The county and the courts had already expressed it but the voters of Fairfield Township made it official — again. Democratic County Committee candidates Cindy and Ernie Zirkle were elected Tuesday over competitors Mark and Vivian Henry, according to unofficial online results from the county Board of Elections.
Mail-in ballots had not been recorded by 10:30 p.m. but the Zirkles took 33 percent of the vote over the Henrys’ 17 percent. “We don’t trust the system,” said Cindy Zirkle, so a substantial number of absentee ballots were distributed.
“It’s a shame,” Zirkle began late Tuesday night, that certain opposition parties “refused to accept the Board of Elections’ admission.” That admission being Board Director Lizbeth Hernandez stating she inadvertently mismatched the names on the ballots and the results declared in June were the exact opposite.
New Jersey: What happens when the printed ballot face doesn’t match the electronic ballot definition? | Freedom to Tinker
The Sequoia AVC Advantage is an old-technology direct-recording electronic voting machine. It doesn’t have a video display; the candidate names are printed on a large sheet of paper, and voters indicate their choices by pressing buttons that are underneath the paper. A “ballot definition” file in an electronic cartridge associates candidate names with the button positions.
Clearly, it had better be the case that the candidate names on the printed paper match the candidate names in the ballot-definition file in the cartridge! Otherwise, voters will press the button for (e.g.,) Cynthia Zirkle, but the computer will record a vote for Vivian Henry,as happened in a recent election in New Jersey.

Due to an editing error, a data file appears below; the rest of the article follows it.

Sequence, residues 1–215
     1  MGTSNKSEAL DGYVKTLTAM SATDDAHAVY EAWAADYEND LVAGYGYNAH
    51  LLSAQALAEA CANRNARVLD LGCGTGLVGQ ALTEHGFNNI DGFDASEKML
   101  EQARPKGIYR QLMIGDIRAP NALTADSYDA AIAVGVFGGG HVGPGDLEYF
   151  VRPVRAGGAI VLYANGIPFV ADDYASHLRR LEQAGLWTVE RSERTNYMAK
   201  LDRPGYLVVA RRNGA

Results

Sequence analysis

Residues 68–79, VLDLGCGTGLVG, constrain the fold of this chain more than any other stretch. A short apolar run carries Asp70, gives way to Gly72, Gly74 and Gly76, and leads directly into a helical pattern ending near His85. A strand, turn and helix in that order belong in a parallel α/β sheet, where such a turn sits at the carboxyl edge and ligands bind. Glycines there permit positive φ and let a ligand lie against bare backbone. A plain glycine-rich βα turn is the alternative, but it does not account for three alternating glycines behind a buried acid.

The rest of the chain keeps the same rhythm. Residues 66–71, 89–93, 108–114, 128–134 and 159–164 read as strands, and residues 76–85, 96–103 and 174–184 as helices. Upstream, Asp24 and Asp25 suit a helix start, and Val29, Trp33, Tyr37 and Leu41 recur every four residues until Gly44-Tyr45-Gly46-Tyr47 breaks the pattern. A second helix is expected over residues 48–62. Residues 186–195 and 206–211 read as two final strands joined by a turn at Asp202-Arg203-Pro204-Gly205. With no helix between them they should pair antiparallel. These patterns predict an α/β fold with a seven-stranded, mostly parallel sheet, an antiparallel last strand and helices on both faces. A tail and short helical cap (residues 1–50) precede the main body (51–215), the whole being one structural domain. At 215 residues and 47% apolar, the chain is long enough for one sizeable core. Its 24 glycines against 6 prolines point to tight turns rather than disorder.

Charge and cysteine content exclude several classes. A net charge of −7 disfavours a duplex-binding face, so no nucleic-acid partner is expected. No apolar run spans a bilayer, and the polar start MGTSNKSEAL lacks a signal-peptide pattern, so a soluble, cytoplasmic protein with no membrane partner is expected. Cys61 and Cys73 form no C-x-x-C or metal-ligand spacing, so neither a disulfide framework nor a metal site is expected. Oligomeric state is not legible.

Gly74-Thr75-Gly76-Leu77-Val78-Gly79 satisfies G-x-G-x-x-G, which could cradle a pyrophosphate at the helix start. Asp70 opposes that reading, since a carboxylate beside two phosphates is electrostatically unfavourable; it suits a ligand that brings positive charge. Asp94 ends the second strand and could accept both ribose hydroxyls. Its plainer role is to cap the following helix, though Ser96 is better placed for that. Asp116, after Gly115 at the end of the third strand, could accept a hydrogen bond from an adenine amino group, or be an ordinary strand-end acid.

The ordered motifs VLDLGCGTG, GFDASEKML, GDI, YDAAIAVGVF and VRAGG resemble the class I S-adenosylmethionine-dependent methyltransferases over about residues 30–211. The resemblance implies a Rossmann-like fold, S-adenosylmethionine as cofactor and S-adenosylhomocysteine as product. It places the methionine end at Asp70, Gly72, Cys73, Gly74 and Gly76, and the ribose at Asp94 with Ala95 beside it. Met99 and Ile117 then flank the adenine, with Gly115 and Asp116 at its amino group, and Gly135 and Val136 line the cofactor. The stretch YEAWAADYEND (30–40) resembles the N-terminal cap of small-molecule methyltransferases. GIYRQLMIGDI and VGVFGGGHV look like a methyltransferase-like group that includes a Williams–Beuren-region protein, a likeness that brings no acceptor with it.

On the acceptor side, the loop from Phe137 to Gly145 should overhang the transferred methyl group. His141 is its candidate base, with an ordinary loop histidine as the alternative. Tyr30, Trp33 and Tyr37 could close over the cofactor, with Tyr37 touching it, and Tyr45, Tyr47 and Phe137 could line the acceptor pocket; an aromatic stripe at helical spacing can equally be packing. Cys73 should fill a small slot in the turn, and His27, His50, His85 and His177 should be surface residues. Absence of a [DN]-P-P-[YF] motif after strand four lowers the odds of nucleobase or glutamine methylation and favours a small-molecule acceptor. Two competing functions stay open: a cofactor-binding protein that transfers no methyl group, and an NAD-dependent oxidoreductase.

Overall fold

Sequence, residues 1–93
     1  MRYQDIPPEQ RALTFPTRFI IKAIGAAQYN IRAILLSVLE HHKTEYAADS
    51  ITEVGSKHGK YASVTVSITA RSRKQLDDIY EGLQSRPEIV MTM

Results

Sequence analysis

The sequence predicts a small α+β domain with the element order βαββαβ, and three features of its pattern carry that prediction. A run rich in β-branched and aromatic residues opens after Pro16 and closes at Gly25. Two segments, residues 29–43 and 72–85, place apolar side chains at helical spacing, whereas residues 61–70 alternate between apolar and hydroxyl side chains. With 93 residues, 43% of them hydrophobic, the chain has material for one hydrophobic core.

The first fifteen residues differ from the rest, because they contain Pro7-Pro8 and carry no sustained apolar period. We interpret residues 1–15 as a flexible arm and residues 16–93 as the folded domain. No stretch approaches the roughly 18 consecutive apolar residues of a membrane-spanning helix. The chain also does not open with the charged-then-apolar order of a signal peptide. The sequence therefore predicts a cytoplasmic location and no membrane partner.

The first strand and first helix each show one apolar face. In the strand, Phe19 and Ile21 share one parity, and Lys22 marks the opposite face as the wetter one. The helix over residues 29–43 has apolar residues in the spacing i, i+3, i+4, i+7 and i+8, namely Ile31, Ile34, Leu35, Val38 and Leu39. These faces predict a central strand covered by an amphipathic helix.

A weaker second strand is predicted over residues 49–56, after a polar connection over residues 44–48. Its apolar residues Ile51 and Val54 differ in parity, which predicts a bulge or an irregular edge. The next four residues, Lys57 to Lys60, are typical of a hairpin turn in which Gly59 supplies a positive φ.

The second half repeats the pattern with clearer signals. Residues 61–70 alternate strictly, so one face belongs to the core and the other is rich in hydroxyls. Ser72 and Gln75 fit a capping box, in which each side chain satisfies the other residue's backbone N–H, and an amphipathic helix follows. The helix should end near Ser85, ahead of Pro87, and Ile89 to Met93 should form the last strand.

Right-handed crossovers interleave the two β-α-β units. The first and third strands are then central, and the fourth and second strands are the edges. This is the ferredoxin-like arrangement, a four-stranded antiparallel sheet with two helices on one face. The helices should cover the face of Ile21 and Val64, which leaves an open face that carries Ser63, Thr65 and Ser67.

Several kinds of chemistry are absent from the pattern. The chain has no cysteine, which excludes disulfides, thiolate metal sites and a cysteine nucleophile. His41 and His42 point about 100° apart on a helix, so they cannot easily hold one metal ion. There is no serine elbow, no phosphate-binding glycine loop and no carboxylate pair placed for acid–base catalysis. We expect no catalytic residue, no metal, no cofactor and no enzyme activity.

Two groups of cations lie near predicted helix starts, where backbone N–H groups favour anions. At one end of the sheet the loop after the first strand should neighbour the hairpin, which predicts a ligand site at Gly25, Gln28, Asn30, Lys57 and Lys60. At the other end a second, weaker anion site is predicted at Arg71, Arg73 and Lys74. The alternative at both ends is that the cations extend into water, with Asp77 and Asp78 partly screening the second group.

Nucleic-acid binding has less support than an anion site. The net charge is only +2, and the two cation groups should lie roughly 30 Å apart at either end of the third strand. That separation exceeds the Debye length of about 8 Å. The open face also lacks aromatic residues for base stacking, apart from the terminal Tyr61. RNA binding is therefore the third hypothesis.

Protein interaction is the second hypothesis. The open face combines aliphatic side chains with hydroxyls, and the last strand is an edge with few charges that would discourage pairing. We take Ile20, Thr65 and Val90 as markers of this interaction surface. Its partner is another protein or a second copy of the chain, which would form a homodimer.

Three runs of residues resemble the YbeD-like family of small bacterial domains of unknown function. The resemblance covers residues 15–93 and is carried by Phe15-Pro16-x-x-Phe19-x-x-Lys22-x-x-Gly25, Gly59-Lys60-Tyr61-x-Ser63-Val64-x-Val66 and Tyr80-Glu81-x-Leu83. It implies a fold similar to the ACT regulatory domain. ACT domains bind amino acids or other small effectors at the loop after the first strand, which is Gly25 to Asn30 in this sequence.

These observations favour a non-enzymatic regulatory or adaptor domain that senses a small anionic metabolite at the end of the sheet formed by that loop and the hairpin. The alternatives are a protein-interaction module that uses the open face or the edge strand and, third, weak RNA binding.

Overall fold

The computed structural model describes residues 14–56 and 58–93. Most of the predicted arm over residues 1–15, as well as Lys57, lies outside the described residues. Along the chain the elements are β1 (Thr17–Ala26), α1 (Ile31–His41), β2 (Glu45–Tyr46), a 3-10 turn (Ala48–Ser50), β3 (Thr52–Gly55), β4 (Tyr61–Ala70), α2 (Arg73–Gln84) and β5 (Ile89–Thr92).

How do we know that this is what happened? As I reported to the Court in Zirkle v. Henry, the AVC Advantage prints the names of candidates, and how many votes each received, on a Results Report printout on a roll of cash-register tape.
Voters here will again head to the polls and select their township representatives for county Democratic Committee. A second election one week from Tuesday comes per the request of Superior Court Judge David Krell. The results from the June election were first disputed by candidates and later ruled on by Krell earlier this month.
He also ordered the case be turned over to the Division of Criminal Justice, which is under the state Attorney General’s office, for consideration of a full investigation. It is still unclear where that investigation stands. A response from the Division of Criminal Justice was not received as of press time.
Attorney Samuel Serata, who represents candidates Ernie and Cindy Zirkle, said Monday he believed Krell signed his court order last week and the criminal justice division would have likely just received it. “It will be at least a month before any report comes out,” said Serata.
Cumberland County recently replaced computer chips in all its voting machines and completed background checks on five technicians who service them as a safeguard against tampering and inaccuracy.
But those upgrades, which are part of a statewide initiative, don’t sufficiently address flaws in the system used to cast votes, according to a woman who says an electronic machine cheated her and her husband in a recent election in Fairfield.
The recent upgrades to county voting machines were not related to the Fairfield case. Activists say, however, the Fairfield case just adds ammunition to their argument that New Jersey needs a paper record of election results.
On its face, the voting irregularities stemming from Primary Election day in Fairfield Township looked like a simple switch-up. Democratic Executive Committee candidates Ernest and Cynthia Zirkle questioned the total votes they received. Upon research, it became clear they weren’t alone in doubting touch-screen Sequoia AVC Advantage voting machines.
Superior Court Judge David E. Krell ruled Monday the Cumberland County Board of Elections must make available a number of documents tied to the voting machine used on June 7.
“The voting machine isn’t going to tell you anything,” said Krell of inspecting the Sequoia machine used at the polling place. However, the associated documentation produced by the machine during the programming process was of interest to him.